By Maggie Shiels
Technology reporter, BBC News, Silicon Valley
Up to five million books are known as "orphan" books
Google has defended its online book deal amid reports it is being reviewed by the US justice department.
An investigation is expected to examine whether or not the book search agreement with authors and publishers violates anti-trust laws.
Google reached a settlement in October to create a $125m (£85m) fund to pay authors to have their work digitised.
The deal still needs court approval and this week the deadline was extended to September for others to oppose it.
Now that the justice department has become involved, Google has taken to the blogosphere with a post explaining the benefits of putting millions and millions of books online.
"As the discussion continues, it's important to understand what readers stand to gain," wrote Adam Smith, the director of product management for Google Book Search.
In his post, Mr Smith outlined a number of scenarios where readers could benefit. These include being able to access out-of-print, or so-called "orphaned" books where the authors cannot be found, as well as being able to get hold of more books in foreign languages.
For authors, Google also stressed the positives.
"The settlement won't just expand access to out-of-print books, either," said Mr Smith.
"Because authors and publishers will have the ability to let users preview and purchase their in-print books through Google Book Search, readers will have even more options for accessing in-print books than they have today."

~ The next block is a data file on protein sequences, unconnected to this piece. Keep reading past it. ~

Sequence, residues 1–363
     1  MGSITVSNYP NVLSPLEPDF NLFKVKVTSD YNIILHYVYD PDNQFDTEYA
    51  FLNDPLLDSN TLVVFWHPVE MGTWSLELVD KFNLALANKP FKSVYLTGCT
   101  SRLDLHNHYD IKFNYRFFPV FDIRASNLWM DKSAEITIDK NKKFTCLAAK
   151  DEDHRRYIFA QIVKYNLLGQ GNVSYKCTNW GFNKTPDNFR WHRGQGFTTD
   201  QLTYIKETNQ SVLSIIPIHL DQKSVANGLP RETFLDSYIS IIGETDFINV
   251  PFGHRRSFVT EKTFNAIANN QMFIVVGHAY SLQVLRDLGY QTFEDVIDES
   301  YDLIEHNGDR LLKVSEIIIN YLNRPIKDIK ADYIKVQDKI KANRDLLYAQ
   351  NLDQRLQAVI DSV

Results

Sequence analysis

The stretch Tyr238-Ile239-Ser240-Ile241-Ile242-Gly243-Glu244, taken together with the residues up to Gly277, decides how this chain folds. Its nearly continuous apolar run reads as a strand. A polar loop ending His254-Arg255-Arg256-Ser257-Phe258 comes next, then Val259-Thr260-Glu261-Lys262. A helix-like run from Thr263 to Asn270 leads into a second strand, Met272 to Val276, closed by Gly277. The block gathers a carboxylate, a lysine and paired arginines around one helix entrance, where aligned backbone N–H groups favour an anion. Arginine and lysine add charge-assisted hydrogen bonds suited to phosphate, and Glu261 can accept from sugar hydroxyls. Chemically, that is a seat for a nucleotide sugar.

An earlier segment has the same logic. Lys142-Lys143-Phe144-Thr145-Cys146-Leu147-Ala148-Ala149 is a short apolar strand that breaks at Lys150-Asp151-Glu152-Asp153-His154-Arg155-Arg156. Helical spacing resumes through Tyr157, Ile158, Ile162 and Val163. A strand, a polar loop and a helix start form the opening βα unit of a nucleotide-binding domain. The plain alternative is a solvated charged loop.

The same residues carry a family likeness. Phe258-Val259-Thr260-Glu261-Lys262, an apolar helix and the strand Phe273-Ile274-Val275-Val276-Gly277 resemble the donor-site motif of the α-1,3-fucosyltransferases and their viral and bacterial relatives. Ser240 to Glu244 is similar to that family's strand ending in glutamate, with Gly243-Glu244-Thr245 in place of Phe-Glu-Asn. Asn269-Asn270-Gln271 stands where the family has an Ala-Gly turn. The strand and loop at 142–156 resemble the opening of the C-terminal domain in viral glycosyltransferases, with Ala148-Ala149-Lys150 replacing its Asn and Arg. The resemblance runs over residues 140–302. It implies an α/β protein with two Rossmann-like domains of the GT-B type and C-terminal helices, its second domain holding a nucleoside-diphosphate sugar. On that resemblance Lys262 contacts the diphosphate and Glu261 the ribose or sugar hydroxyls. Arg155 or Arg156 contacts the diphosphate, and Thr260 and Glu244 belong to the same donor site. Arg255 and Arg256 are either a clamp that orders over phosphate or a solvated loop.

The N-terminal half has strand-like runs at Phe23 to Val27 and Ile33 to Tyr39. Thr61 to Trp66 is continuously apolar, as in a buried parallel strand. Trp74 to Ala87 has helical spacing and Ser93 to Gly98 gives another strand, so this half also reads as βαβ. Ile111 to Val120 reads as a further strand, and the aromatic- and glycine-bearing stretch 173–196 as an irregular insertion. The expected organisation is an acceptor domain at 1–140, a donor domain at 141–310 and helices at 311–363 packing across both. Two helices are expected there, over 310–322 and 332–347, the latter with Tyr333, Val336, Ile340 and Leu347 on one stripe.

The Google settlement was reached following earlier legal action by the Authors Guild and the Association of American Publishers.
That suit claimed that Google's practice of scanning copyrighted books from libraries for use in its Book Search service was a violation of copyrights.
Google's service will allow users to download PDF files of classic books
Both organisations refused to comment on the story.
The Department of Justice also declined to give a statement. Its involvement does not necessarily mean it will attempt to scuttle the deal, which critics have said would unfairly give Google an exclusive licence to profit from millions of books.
Some librarians have said they fear that with no competition Google would be free to raise prices to access the collection.
The Consumer Watchdog told the BBC it was one of a number of groups involved in calling on the Department of Justice to act.
"We felt the deal set up an unfair monopolistic situation for Google," explained Consumer Watchdog advocate John Simpson.
"We do need to have the world's books digitised but I think there are very big concerns if one internet giant is able to dominate the digital market. We want a level playing field here," Mr Simpson said.
The deal currently only applies in the US, but Google's Adam Smith said: "We believe that this will constitute an unprecedented test bed for the development of similar services around the world."